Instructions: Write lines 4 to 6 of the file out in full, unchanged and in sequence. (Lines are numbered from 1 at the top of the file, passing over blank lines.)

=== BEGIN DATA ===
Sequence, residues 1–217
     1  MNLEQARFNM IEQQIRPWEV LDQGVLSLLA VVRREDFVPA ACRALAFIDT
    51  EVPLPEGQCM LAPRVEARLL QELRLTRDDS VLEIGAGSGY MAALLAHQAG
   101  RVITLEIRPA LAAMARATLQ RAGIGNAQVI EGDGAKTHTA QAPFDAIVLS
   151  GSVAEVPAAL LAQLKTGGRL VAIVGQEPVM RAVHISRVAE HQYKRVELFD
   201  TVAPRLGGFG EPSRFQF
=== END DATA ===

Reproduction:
   101  RVITLEIRPA LAAMARATLQ RAGIGNAQVI EGDGAKTHTA QAPFDAIVLS
   151  GSVAEVPAAL LAQLKTGGRL VAIVGQEPVM RAVHISRVAE HQYKRVELFD
   201  TVAPRLGGFG EPSRFQF